SACRAMENTO, Calif. (CNN) — A group of pastors who say they represent tens of thousands of congregants will open the doors of their churches at the end of the month despite a state order to keep them closed, according to a new petition.
More than 1,200 pastors in California have signed the petition, which says they will resume in-person services beginning on May 31. That would defy the state’s stay-at-home order, which was enacted to combat the spread of the novel coronavirus.
“We believe you are attempting to act in the best interests of the state, but the restrictions have gone too far and for too long,” attorney Robert Tyler, who represents the pastors and the thousands of churches and ministries they lead, wrote in a letter to California Gov. Gavin Newsom.
Under Newsom’s current plan, churches would be allowed to reopen in Stage 3. But the state is currently in the early portion of its Stage 2 road map to reopen. Newsom has been under increasing pressure by the state’s faith-based institutions to reopen.
“In order to restore the proper balance between public safety and individual liberties, the clergy we represent have declared their intent to begin holding in-person church services beginning on Sunday, May 31, 2020,” the letter stated. “All services will be held in compliance with CDC and state guidelines for social distancing as is required of ‘essential businesses.'”
Churches at the center of reopening debate in US
The petition comes days after the US Centers for Disease Control and Prevention posted pages of detailed guidelines on how to reopen the United States. The guidelines reportedly sparked internal debate between the CDC and the Department of Health and Human Services’ Office of Civil Rights Division, which felt that faith-based organizations were being unfairly targeted in an early draft.
Houses of worship were ultimately not included as part of the guidelines.
On Wednesday, Senior Advisor to the President Kellyanne Conway said that the administration was still working with the CDC on guidelines for those institutions.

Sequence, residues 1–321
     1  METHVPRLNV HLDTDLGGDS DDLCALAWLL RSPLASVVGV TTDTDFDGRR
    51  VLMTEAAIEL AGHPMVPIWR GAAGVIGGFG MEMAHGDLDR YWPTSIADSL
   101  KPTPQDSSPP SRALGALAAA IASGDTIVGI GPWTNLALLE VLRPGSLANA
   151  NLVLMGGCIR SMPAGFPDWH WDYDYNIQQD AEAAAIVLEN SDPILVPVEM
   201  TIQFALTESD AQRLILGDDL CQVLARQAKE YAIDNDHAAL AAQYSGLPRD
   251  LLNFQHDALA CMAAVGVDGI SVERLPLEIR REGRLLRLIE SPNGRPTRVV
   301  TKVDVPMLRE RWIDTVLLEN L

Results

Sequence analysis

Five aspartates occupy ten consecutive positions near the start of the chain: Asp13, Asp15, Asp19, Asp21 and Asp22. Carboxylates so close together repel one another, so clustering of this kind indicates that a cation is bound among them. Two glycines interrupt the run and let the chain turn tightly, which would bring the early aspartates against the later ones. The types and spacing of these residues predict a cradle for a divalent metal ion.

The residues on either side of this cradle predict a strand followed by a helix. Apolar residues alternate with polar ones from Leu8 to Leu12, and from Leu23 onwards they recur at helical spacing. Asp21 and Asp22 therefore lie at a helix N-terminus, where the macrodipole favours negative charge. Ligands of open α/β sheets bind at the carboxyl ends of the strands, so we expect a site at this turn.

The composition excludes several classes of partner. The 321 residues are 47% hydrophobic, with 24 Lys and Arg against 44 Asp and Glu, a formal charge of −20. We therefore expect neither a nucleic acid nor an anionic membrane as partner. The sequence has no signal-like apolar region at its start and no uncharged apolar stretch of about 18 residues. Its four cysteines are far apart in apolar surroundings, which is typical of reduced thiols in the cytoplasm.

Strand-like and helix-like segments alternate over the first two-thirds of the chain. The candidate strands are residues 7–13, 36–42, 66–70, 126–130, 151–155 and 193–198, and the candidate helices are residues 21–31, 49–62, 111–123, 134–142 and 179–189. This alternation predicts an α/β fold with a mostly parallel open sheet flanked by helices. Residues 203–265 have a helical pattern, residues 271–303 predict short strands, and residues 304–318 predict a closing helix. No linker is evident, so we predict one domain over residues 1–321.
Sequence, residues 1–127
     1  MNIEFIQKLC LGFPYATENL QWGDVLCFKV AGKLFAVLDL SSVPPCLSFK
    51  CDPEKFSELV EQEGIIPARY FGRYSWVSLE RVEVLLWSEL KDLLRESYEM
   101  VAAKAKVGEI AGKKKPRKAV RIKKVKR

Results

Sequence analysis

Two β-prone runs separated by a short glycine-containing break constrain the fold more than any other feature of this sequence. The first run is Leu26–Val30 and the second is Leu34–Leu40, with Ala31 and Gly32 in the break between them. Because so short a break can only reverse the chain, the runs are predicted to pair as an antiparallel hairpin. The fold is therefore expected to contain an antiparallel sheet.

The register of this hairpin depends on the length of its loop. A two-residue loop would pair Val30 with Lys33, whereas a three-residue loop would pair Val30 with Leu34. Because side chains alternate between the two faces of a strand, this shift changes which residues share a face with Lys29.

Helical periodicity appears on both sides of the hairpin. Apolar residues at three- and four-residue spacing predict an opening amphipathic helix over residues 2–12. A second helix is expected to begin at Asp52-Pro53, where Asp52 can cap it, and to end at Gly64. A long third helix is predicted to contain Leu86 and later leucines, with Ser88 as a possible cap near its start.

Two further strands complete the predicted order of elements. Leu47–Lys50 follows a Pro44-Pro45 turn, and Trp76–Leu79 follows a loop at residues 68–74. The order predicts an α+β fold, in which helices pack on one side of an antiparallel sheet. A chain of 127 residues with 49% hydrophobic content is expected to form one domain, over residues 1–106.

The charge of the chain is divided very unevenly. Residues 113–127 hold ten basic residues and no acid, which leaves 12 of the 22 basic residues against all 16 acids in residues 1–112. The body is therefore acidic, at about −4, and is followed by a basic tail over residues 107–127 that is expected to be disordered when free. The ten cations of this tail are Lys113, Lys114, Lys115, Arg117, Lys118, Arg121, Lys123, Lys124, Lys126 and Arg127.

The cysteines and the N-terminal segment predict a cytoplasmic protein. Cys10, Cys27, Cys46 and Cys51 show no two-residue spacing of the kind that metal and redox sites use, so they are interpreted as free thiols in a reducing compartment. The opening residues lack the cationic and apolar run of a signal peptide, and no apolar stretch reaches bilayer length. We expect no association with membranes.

President Donald Trump, speaking more broadly on Thursday, said one of the things he wants to do to “normalize” life in the US is “get the churches open.”
“The churches are not being treated with respect by a lot of the Democrat governors,” Trump said. “I want to get our churches open, and we’re going to take a very strong position on that soon.”
It also comes one day after the Department of Justice sent Newsom a letter warning him that the state’s plan to reopen amid the coronavirus pandemic discriminated against churches.
In a letter to Newsom, the head of the Justice Department’s Civil Rights Division wrote that the reopening plan, which allows for a return to restaurants and shopping malls ahead of religious services, contained “pronounced unequal treatment of faith communities” that could run afoul of the First Amendment.
“The Department of Justice does not seek to dictate how States such as California determine what degree of activity and personal interaction should be allowed to protect the safety of their citizens,” assistant district attorney general Eric Dreiband wrote. “However, we are charged with upholding the Constitution and federal statutory protections for civil rights.”
“Whichever level of restrictions you adopt, these civil rights protections mandate equal treatment of persons and activities of a secular and religious nature,” he added.
The letter was first reported by the Wall Street Journal, and Newsom’s office did not immediately respond to a request for comment from CNN.
More than half of the counties across California are moving forward with plans to reopen their economy despite data showing that the state had recorded its second-highest number of daily coronavirus deaths on Tuesday.
According to Johns Hopkins University’s tally of cases in the United States, there are at least 1,551,853 cases of coronavirus in the U.S. and at least 93,439 people have died in the U.S. from coronavirus.
California currently has at least 85,997 coronavirus cases and 3,497 deaths.